The sun was shining so we grabbed one of the few remaining outdoor tables and tucked into a Lancashire cheese pie served with sides of chips, mushy peas and sticking true to local tradition, gravy.
The pie, made from local cheese and cooked with caramelised onions tasted delicious and surprisingly the chips covered in a rich gravy were really good despite not being how I would usually eat them.
After our hearty lunch we were in need of a walk so we hopped back in the car and drove to the Calf’s Head in the nearby village of Worston. Launched a couple of years ago ‘Walks with Taste‘ comprise a selection of some of the best pub walks in the Ribble Valley.
Routes vary in length from a leisurely three mile walk to a more challenging hike. Leaflets can be picked up from each participating venue and can also be downloaded from the Visit Ribble Valley website.
The detailed route was easy to follow with stunning views of Pendle Hill visible most of the way. Our walk was graded easy, taking us through gently undulating fields, over stiles and across a narrow wooden bridge.
We returned through a wooded glade where we discovered an old ring set in stone beside the path where in bygone days a bull would have been tethered. Back at the pub we relaxed in its large, sunny beer garden with drinks and a light snack thinking what a great idea these walks centred around pubs are.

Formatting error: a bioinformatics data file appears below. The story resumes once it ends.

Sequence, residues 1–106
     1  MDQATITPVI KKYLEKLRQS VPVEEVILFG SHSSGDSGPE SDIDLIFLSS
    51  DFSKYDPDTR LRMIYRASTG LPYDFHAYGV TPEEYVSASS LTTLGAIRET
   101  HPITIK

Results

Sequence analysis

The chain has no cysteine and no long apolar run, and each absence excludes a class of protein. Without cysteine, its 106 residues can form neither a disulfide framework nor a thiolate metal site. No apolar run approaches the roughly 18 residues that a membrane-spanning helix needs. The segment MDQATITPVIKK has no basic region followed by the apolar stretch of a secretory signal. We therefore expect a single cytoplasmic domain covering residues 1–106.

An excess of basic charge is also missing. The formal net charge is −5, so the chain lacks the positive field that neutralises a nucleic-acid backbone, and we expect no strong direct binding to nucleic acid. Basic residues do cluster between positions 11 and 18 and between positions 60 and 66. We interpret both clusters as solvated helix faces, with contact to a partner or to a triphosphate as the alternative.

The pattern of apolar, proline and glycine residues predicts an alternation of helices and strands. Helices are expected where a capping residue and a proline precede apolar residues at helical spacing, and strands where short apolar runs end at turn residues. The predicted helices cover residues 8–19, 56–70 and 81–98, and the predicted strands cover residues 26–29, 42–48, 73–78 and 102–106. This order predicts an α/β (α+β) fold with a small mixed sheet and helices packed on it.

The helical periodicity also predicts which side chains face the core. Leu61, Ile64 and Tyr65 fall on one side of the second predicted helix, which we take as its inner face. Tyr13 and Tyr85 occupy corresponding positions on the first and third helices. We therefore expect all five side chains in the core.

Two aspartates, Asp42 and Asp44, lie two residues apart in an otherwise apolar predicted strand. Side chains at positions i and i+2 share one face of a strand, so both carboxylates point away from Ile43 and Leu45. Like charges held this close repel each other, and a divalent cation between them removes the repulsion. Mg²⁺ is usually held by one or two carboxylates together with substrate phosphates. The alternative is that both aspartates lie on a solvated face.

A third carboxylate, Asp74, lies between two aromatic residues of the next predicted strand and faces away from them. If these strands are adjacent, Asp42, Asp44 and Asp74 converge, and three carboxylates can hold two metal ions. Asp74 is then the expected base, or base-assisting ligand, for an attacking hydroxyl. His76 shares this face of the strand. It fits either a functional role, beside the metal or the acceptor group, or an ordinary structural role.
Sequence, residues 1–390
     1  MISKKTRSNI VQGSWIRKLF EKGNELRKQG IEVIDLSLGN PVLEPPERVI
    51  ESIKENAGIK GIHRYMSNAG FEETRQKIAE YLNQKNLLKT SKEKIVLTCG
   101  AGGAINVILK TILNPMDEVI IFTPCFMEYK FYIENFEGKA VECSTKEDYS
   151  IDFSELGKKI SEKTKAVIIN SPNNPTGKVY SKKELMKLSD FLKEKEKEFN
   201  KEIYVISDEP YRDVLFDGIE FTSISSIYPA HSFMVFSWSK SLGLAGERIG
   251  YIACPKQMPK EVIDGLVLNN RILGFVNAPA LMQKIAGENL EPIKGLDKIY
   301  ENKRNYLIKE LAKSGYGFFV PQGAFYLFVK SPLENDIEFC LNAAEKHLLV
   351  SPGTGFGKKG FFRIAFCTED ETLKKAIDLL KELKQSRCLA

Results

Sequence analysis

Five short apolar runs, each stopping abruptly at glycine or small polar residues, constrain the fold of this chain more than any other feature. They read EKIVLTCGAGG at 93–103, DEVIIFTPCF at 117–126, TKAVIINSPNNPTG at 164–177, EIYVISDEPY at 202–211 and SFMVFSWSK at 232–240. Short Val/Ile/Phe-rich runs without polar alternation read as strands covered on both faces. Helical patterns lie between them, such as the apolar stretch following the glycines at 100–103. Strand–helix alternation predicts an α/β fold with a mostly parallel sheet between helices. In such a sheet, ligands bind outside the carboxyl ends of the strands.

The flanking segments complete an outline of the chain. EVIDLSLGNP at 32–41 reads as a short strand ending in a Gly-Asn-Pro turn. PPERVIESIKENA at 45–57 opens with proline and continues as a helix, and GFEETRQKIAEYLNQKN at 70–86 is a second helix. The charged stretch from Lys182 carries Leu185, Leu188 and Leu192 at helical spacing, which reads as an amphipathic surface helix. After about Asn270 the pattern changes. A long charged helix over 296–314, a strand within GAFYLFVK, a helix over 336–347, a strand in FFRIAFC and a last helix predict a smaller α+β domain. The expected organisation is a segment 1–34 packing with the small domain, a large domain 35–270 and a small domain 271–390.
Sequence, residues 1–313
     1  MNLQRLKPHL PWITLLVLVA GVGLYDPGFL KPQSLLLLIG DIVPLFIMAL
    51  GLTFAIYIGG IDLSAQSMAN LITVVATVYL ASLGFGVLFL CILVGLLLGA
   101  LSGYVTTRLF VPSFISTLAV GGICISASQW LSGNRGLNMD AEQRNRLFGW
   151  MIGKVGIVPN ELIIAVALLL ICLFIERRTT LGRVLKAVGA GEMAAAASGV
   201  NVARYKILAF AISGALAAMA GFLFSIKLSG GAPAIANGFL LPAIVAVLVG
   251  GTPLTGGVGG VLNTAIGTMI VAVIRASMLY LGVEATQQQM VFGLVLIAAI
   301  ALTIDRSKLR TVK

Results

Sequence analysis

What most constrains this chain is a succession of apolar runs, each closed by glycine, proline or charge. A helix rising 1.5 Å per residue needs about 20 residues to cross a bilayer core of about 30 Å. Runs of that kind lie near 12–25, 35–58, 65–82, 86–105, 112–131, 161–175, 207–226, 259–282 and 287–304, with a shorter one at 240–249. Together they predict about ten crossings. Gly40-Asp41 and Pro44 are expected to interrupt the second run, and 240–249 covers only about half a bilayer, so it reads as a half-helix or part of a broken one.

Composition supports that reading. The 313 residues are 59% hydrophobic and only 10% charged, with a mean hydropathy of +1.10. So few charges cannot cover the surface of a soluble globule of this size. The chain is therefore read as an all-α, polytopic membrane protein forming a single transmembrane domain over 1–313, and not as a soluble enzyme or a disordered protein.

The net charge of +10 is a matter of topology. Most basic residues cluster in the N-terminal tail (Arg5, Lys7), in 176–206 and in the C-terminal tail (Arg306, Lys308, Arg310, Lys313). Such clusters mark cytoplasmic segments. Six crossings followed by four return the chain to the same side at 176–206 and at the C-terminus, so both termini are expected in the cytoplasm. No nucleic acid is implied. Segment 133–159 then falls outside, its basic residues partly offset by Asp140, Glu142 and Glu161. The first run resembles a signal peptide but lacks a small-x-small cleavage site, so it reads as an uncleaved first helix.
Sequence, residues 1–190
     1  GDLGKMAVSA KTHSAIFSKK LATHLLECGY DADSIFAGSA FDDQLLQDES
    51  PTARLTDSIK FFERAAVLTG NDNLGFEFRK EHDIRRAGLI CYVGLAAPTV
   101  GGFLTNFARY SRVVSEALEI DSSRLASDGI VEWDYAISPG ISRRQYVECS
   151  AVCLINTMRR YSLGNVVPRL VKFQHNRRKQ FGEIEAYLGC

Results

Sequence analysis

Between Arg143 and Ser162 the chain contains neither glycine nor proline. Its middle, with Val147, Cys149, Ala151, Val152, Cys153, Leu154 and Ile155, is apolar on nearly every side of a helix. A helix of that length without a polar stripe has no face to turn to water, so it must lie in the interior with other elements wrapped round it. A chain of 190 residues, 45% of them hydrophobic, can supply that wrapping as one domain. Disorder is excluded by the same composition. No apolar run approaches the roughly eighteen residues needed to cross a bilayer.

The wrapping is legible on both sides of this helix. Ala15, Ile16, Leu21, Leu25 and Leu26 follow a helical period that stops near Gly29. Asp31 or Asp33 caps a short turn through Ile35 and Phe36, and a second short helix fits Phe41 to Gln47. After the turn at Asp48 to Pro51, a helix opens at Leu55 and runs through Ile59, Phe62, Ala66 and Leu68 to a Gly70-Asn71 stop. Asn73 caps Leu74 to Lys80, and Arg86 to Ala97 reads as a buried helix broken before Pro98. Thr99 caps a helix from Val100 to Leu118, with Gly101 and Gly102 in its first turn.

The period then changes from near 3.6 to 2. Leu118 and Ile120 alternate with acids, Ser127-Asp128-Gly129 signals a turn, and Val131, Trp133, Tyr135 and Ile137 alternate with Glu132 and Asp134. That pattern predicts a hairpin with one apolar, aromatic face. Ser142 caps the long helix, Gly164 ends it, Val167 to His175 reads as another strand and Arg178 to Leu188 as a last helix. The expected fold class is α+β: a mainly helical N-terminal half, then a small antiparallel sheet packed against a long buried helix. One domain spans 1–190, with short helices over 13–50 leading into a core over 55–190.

I can’t wait to return to the Ribble Valley to experience some more of the Walks with Taste as combining a walk with eating out in a country inn is one of my favourite ways to spend a weekend.
There was to be one more treat in store before bidding our farewells to the beautiful Ribble Valley as we just had time to fit in a visit to the neighbouring town of Whalley. This charming small town lies on the banks of the River Calder and is noted for its 14th century Cistercian Abbey.
The abbey lies just a few minutes walk from the high street yet it couldn’t be more tranquil with its riverside setting. There’s no charge to walk among the abbey ruins which contain useful information boards explaining the buildings and providing historical context.
The abbey ruins are approached through a gatehouse which leads into beautifully maintained gardens looking at their best with herbaceous borders ablaze with colour. From the abbey we then followed a path along the riverbank a short distance before retracing our steps and taking a brief look around the town.
Finally back in the car and heading home, we hadn’t gone far before we managed to stop at the side of the road to take a photo of the magnificent Whalley Viaduct. This 605m long bridge contains 49 arches and was a feat of engineering for its time when it was completed in 1850 being both the tallest and longest viaduct in Lancashire. The bridge is still in regular use today carrying trains between Clitheroe and Manchester.
This brought our wonderful weekend in the Ribble Valley to a close but what an amazing time we’d had with such varied activities ranging from e-biking in the Forest of Bowland to learning how Lancashire Cheese is made. I hope this series of posts has helped to put this beautiful part of Lancashire on the map and you might be inspired to visit yourselves as I’m certain you will fall in love with the Ribble Valley too.